Nevertheless, the greatest paradox of the year was that the most significant contribution towards the creation of a new music for the Sixties turned out to be the leaving of the country by a group who had yet to cut a record professionally. On 16th August, under an agreement between Liverpool music promoter Allan Williams and German club-owner Bruno Koschmider, the Beatles (now configured as a five-man line-up of Paul McCartney, John Lennon, George Harrison, Pete Best and Stuart Sutcliffe) left for Hamburg. They were to spend three-and-a-half months as resident band at first the Indra Club, then the Kaiserkeller, both venues in the red-light district of St. Pauli. Here endurance, versatility and inventiveness were the watchwords of their musical apprenticeship, in front of largely unsophisticated and often intimidating audiences just out for a good time – from teenagers in the early evening to over-18s after ten o’clock at night, until from two in the morning onwards they were left with the tail-enders, a rough and ready assortment of drunks and local mobsters, the latter in particular vividly remembered by John:

All these gangsters would come in – the local Mafia. They’d send a crate of champagne on stage, imitation German champagne, and we had to drink it or they’d kill us. They’d say, ‘Drink, and then do What I’d Say.’ We’d have to do this show whatever time of night. If they came in at five in the morning and we’d been playing seven hours, they’d give us a crate of champagne and we were supposed to carry on. ⁴²

Given the obviously disreputable nature of the club district itself, the opportunity for them to make the acquaintance of any vaguely respectable young German peers was remote – and yet one day, drawn by the music and fate, a young commercial artist called Klaus Voorman ventured into the Kaiserkeller basement and found himself intrigued by this group who played together so well, so powerful and so funny. ⁴³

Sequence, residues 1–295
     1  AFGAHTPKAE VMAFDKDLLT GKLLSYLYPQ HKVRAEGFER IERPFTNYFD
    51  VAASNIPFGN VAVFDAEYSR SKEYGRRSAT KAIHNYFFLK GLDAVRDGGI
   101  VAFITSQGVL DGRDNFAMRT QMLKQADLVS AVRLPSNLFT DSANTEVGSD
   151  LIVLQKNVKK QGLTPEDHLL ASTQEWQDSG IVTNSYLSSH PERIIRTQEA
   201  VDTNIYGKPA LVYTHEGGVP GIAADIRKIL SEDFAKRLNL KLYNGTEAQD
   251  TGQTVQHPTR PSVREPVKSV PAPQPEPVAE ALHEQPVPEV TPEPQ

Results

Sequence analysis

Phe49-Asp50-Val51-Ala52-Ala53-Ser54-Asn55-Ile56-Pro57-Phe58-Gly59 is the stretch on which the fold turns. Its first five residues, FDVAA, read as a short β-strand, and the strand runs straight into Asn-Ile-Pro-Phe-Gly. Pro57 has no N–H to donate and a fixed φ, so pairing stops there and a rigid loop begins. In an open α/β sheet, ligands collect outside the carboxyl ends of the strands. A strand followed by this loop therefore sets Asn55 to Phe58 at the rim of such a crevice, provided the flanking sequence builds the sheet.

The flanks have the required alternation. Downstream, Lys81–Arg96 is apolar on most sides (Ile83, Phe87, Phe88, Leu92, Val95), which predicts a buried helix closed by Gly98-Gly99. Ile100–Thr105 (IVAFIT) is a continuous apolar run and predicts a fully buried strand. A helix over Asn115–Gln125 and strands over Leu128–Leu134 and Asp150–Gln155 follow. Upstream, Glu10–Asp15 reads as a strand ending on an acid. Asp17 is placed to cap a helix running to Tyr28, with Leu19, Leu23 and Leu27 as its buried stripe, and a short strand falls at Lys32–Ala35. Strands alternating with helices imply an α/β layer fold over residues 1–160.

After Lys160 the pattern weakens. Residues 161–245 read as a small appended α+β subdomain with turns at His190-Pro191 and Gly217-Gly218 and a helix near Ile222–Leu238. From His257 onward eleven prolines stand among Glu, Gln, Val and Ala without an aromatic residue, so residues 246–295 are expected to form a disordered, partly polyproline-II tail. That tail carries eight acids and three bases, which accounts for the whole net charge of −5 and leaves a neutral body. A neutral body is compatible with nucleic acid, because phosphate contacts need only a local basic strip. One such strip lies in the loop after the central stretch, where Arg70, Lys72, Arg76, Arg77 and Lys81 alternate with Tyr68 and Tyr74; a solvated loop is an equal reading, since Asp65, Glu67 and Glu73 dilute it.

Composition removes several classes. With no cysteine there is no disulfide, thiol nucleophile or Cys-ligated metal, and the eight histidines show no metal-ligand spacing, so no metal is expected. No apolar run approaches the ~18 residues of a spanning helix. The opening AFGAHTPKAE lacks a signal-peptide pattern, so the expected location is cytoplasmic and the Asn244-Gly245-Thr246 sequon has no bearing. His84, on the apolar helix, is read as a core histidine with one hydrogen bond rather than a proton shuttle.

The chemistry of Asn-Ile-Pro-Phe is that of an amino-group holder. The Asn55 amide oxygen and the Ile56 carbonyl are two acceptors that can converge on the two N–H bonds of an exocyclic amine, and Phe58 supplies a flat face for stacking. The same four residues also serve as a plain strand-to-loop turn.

Voorman having conveyed his enthusiasm to friends Astrid Kirchherr and Jurgen Vollmer (both photographers), this unlikely trio of intellectuals quickly became club regulars and the Beatles’ drinking companions. The closeness that developed between them was driven in large part by Astrid’s infatuation with Stuart Sutcliffe, prompting her to take the earliest professional photographs of the group, at the club and various other locations around Hamburg. (These include the iconic black-and-white picture of the five early Beatles in leather jackets against the backdrop of an open-sided goods truck in a railway siding; and her trademark half-shadow portraits were prophetic precursors of the monochrome images used later for the sleeves of their second and third LPs, With The Beatles and A Hard Day’s Night.) What is more, by the beginning of November Astrid and Stuart were engaged.

From October, the Beatles shared club billings at the Kaiserkeller with fellow Liverpudlians Rory Storm and The Hurricanes, through which a closer association with their drummer, Ringo, began to develop, as he spent a lot of sitting-out time watching the Beatles and requesting songs from them. ⁴⁴ Furthermore, along with fellow Hurricane Lou Walters, Ringo was invited to join John, Paul and George on 15th October, when they made another amateur recording at their own expense, of the Gershwin standard Summertime, at the Akustik studio, the first known occasion on which the future foursome played together. ⁴⁵

Little did the Beatles appreciate, however, the peril of association with other visiting British musicians, which was destined to bring their first experience of Hamburg to an untimely end several weeks before Christmas. In a fit of pique at